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Crowd funded game, Phoenix Point, bought out by Epic Games


#21

My point is that their entire strategy is on poaching games. It’s one thing if you’re a publisher looking to sell a great game. This is, after all, what happened with Sekiro and Activision-- FromSoft showed up at their doorstep with a great pitch and a track record, and they probably accepted the deal without a single doubt.

It’s another thing when your entire plan has nothing to do with publishing, but having control over any and all distribution of the game for a year. Imagine if Psychonauts 2 was a month from release, but out of nowhere Sony bought the rights to the game and cancelled all platform releases except the PS4 version… we’re talking about a game that would have done fine without them, now restricted to boost their platform.

And yeah, like I said, take my own impression of the Phoenix Point decision with a grain of salt. I’ll admit I’m a bit biased with Julian Gollop’s track record and the many, many hours I’ve put into both the X-COM and XCOM franchises (I know that latter one has little to do with him, but it wouldn’t be where it is today without him).

When I read that comment again about “don’t blame the developers,” I actually scrolled up to see if you changed my wording a bit, because that was a pretty stupid way to put it on my part. There’s definitely some huge accountability on Snap Shot’s part, and the fact that I don’t see it as bad as the Metro Exodus incident doesn’t really change that.


#22

I’m no lover of Epic either, I think what they’re doing is despicable and potentially dangerous and down right harmful to the PC games business as a whole. I’ve spoken at length at every turn here about how I oppose their actions.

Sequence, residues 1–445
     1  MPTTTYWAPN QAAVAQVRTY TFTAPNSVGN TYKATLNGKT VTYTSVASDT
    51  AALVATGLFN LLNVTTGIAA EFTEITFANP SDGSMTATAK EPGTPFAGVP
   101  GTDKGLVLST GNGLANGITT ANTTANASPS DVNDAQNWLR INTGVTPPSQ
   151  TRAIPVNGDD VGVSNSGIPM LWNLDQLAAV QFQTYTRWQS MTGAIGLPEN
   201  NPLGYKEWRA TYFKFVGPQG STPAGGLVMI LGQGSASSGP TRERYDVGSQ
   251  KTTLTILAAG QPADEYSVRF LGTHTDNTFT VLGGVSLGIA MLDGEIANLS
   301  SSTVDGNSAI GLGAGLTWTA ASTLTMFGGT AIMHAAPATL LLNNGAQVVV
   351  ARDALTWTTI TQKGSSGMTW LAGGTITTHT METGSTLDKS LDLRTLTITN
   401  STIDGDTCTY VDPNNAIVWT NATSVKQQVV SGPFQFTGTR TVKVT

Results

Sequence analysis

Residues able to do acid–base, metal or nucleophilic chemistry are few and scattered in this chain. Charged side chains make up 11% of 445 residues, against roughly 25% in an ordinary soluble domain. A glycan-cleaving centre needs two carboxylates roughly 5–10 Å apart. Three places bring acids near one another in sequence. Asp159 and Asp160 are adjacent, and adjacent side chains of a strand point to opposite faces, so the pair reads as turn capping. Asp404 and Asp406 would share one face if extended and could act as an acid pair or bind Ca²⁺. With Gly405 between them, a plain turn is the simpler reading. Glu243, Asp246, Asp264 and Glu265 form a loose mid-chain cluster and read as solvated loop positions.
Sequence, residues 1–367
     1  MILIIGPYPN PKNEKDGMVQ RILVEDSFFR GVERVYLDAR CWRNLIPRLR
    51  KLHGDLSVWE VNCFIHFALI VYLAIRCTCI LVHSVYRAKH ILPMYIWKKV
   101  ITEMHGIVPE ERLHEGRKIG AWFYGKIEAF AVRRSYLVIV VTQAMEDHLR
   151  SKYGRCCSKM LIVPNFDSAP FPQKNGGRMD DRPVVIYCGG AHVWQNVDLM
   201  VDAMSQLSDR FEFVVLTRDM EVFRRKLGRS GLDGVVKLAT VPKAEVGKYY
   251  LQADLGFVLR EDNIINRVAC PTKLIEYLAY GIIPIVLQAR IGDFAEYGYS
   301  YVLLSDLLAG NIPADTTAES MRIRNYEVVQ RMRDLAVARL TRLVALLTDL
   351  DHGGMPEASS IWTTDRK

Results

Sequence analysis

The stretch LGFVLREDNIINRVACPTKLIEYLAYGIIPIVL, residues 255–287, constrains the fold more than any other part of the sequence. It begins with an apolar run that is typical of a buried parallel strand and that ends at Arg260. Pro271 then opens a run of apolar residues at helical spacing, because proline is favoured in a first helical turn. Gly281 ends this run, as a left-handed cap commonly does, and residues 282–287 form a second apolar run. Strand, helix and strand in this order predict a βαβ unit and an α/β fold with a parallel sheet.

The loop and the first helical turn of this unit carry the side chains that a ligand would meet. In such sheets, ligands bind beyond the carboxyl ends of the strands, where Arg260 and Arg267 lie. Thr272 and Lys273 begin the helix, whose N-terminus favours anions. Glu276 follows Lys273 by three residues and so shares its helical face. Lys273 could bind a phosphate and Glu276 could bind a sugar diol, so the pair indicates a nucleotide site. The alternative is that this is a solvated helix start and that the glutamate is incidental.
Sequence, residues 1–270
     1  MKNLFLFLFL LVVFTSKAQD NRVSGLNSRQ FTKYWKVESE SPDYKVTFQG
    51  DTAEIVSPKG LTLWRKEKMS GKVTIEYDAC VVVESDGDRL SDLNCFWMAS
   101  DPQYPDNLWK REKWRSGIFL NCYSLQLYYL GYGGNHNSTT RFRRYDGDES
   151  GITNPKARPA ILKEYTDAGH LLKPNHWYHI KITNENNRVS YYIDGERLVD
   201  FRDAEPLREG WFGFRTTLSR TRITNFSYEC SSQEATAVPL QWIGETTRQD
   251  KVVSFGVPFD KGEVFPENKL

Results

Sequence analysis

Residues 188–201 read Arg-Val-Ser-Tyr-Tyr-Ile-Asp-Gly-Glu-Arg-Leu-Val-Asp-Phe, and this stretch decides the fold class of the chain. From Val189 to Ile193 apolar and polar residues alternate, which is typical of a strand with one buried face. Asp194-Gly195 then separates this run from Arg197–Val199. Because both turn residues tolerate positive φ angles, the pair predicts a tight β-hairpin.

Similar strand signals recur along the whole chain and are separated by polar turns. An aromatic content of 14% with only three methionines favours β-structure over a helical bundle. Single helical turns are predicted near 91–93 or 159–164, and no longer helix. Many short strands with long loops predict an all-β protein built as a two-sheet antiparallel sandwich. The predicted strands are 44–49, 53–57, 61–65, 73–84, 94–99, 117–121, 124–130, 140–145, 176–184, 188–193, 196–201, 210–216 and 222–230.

But I must also concede that as others have pointed out that they’re doing what they’re doing because it’s the only real way to get an appreciable market share today. Not going to say it’s impossible to compete with steam on steam’s own terms, steam certainly has it’s flaws. That would be a very slow and very costly approach and while it’d be the good thing to do Epic has never been the good guy. They have no reason to be the good guy either and again as much as I dislike what they’re doing, they’re not doing anything that is out of line.

Until this spyware thing that is, but that’s a whole other topic. Slime rancher will be the last “free” game I claim from them though.


#23

They don’t mind being scumbags as long as they’re rich scumbags lmao


#24

I wonder if it’s possible to deny read permissions to Epic and exclusively for epic.


#25

WOW another awful part of this is that it was crowded funded on fig so some of the backers are investors. Imagine how furious some people must be thinking that they would be profiting from the game releasing on all PC platforms just to get shafted at the last second and only get revenue from one of the smallest launchers for the first year…


#26

I know my post was long-winded. So I will try to make it more concise.

I’m just worried that the new game developer marketing strategy will become:

Crow-funding = Gauge Audience Interest (If it meets 150%+ of funding, then it’s a super success).

Beta Release = Offering to show Epic Games (To cut them a better deal and get more money including the crowd-funding money).

And the GOG and Steam keys will definitely be given, as promised.
"But we didn’t say when!"
The keys will be released 1 year after their contract with Epic Games if you don’t want to get it on the Epic Games platform. So this is probably also a ploy to get crowd-funders who “just can’t wait” to get on their launcher and at least have it installed on their computer.


#27

I mean at least Exodus gave out the steam keys on release! You know you fucked up when you did it even worse than Exodus. Truly a ‘Hold my beer’ moment for Snapshot.
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